Lunch-and-Learn Brown Bags with the New Director
As the new IES Director, John Easton wants his vision for the Institute to be informed and shaped by the collective expertise of his staff, a group of 190 professionals who work in the administrative office and across IES' four centers. So he hosted a series of brown bag sessions in which he met over lunch with groups of 20 to 25 staff members, seven gatherings that started in late July and wrapped up in late September.
These gatherings allowed the director to ask staff members their ideas about specific initiatives, but he also invited staff to share concerns or ask him questions about his research interests, leadership style, and vision for the Institute.
Many sessions opened informally, with staff members explaining their job and sharing a personal detail. He learned, for example, which staff member had a passion for ballroom dancing, riding motorcycles, raising hens, speaking Russian and playing basketball. He also learned that many staff members are interested in more professional collaboration with their colleagues across centers.
The director also shared with each group his goal of making our work more accessible to a general audience and building stronger connections with practitioners and policymakers.
"This is a chance to see ourselves as a collective group of professionals…working toward the same goals," Easton told the staff during a recent meeting. "Not only do I respect your expertise, I need and rely on your expertise to move this agency forward."
New Staff Appointments
Tracy Dell'Angela became director of outreach and communications for the Institute of Education Sciences this summer. In this role, she will work to enhance external and internal communications—by striving to make the work of IES more accessible to practitioners, policy makers and the general public and by building bridges to the other divisions in the Department of Education and among IES divisions. Her office will develop new, deeper relationships with the regional centers that work most closely with practitioners to put IES research into practice. She comes to IES from the Consortium on Chicago School Research (CCSR) at the University of Chicago, where she worked with John Easton (now IES director) to bring CCSR's research directly to practitioners in Chicago schools. Tracy spent most of her career as a newspaper reporter, including 12 years at the Chicago Tribune, where she covered national education issues and Arne Duncan's tenure as schools chief for Chicago Public Schools.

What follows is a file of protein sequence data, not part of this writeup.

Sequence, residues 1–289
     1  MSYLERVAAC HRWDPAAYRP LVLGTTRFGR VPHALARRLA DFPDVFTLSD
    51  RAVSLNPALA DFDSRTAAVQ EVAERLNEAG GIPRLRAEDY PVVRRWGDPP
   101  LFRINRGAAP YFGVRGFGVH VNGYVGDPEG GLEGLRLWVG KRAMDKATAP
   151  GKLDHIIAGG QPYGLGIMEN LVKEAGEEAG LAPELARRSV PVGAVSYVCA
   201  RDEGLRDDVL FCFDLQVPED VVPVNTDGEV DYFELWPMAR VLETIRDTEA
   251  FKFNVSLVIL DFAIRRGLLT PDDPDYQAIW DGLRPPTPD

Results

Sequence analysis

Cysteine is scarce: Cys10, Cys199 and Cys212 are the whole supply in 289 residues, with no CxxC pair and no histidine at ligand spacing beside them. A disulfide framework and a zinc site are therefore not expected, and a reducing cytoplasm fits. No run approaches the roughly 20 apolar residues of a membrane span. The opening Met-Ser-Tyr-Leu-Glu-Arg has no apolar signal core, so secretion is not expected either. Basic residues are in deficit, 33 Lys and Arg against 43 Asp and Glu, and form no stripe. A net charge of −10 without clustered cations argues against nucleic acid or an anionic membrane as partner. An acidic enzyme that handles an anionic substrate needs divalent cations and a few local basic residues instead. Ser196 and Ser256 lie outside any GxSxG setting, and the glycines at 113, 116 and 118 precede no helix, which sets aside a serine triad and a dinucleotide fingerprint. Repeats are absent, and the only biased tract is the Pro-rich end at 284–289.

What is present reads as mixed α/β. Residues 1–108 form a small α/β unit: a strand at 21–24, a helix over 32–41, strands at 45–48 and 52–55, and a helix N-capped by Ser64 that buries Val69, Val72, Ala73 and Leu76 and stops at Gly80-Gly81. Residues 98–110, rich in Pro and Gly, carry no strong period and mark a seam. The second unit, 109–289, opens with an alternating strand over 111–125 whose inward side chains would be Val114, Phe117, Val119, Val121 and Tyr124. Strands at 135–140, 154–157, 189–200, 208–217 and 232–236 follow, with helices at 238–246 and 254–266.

Joan McLaughlin joined IES as the deputy commissioner of the National Center for Special Education Research in February. In this role, she works with Acting Commissioner Lynn Okagaki to provide leadership for the special education research and research training programs. In addition to serving as deputy commissioner, McLaughlin will also serve as the program officer for the Early Intervention and Early Childhood Special Education grant program. Prior to joining IES, McLaughlin spent 16 years at Abt Associates Inc., working in the education and family services area in various capacities, including project director for numerous evaluations of federal education, food assistance and early childhood programs. McLaughlin also served as a Department of Agriculture program officer where she oversaw the implementation of studies of programs and initiatives on maternal and child health and child nutrition issues. She holds a doctorate in developmental psychology from Cornell University.
Nancy Smith is the new director of Longitudinal Data Systems Initiatives for the National Center for Education Statistics at the Institute of Education Sciences. In this capacity, she will oversee the SLDS Grant program, the development of Common Data Standards for K–12 and postsecondary variables, and participate in Education Department data initiatives. Before joining NCES, Nancy served as a consultant on longitudinal data systems to states, advocacy organizations and NCES. She was also the deputy director of the Data Quality Campaign for 4 years. Nancy's experience with longitudinal data goes back to her tenure at the Texas Education Agency and work with Just for the Kids. She earned her doctorate at the University of Texas at Austin in 1997 in educational psychology.